Via the Philippine Information Agency: World Health Organization leads campaign vs. dengue in Yolanda affected areas in East Visayas. Excerpt:
The World Health Organization cautioned the public on the likelihood of a dengue outbreak in the Yolanda affected areas in the country.
Ms. Aphaluck Bhatiasevi of the WHO Communication Team said the possibility is due to several factors such as containers of water and debris accumulating rain water which may become breeding grounds for dengue-causing mosquitoes like Aedes aegypti that breed in clear stagnant waters.
Another factor is that the people displaced by Haiyan/Yolanda are could be more vulnerable because their homes have been destroyed and they are living in in tents and temporary shelters, with less protection from mosquito bites.
Moreover, the public health infrastructure has been compromised with destruction of many health care facilities and sub-optimal access to water, electricity, internet, etc.
Should a suspected case of dengue be reported, WHO recommends fogging twice a week for at least two weeks in and around the area within a radius of up to 200 meters, where the patient possibly acquired infection which is not always the residence, and the health center where the patient sought treatment.
Under the current circumstances in the typhoon affected areas, Bhatiasevi said it is extremely difficult to eradicate all the Aedes and other mosquitoes, and their breeding sites.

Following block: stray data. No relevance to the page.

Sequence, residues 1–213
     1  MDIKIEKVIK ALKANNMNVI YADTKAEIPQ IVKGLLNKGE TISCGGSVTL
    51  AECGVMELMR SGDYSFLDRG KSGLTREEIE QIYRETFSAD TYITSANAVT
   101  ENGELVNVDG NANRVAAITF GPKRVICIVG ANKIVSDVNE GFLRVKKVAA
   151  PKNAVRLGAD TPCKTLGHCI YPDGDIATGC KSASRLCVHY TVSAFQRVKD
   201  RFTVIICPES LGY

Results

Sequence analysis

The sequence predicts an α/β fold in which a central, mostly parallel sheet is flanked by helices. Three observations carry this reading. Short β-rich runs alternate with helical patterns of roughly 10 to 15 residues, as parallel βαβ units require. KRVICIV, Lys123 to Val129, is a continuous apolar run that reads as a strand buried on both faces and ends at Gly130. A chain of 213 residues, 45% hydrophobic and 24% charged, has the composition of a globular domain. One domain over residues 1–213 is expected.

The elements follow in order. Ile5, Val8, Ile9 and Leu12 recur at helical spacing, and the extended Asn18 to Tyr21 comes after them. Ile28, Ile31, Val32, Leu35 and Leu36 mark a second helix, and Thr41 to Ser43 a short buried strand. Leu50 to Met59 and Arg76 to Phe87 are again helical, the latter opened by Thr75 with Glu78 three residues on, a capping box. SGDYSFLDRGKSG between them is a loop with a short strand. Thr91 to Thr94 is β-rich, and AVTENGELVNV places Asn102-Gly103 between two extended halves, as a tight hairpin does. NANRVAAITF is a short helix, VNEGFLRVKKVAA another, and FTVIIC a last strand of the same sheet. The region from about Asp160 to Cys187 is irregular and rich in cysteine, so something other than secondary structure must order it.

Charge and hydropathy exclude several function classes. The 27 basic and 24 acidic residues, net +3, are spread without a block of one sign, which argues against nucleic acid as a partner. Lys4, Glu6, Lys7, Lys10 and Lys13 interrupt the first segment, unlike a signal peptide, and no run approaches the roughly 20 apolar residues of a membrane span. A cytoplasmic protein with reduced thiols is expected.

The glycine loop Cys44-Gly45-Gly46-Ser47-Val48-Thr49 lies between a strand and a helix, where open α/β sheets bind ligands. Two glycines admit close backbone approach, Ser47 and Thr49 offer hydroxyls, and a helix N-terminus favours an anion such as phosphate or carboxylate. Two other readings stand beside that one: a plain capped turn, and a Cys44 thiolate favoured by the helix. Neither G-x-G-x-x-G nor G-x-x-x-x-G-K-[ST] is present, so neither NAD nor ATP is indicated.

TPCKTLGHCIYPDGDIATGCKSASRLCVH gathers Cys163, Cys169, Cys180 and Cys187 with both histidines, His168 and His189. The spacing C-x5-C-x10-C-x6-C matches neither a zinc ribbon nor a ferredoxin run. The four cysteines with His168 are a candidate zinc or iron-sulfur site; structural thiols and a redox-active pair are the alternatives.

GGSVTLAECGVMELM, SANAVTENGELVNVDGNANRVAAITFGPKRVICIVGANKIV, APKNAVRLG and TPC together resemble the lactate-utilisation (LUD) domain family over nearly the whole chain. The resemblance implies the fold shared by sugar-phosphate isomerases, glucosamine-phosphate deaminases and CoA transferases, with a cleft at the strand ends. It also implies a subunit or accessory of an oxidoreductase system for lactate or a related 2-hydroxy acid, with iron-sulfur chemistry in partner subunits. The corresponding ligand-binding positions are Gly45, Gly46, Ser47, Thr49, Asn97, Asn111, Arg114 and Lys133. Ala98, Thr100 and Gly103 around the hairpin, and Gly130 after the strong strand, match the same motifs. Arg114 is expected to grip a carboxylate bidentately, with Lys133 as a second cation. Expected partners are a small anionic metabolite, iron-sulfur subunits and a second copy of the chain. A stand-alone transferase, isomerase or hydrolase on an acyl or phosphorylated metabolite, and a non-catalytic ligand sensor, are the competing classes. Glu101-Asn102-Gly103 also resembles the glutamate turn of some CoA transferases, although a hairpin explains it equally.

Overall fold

In order to prevent Aedes mosquito breeding grounds, water containers should be covered or made mosquito proof, WHO said.
Dengue-causing mosquitoes bite predominantly during daytime (morning between 6.30 – 8.30 hours and afternoon between 17.00 – 19.00 hours.
Clean-up campaigns should be promoted to avoid mosquito breeding as much as possible. Individuals are recommended to use topical and/or spatial repellants for personal protection especially if they are outdoors during the above mentioned times.
Focal fogging around evacuation centers and health facilities may be done as a preventive measure, in areas where no dengue case has been detected.
The DOH, with assistance from WHO and the Research Institute for Tropical Medicine has introduced rapid tests for dengue in selected health facilities as part of dengue outbreak surveillance in Region 8. With this proactive surveillance in place, there is a likelihood that more cases will be detected and reported, compared to the routine surveillance.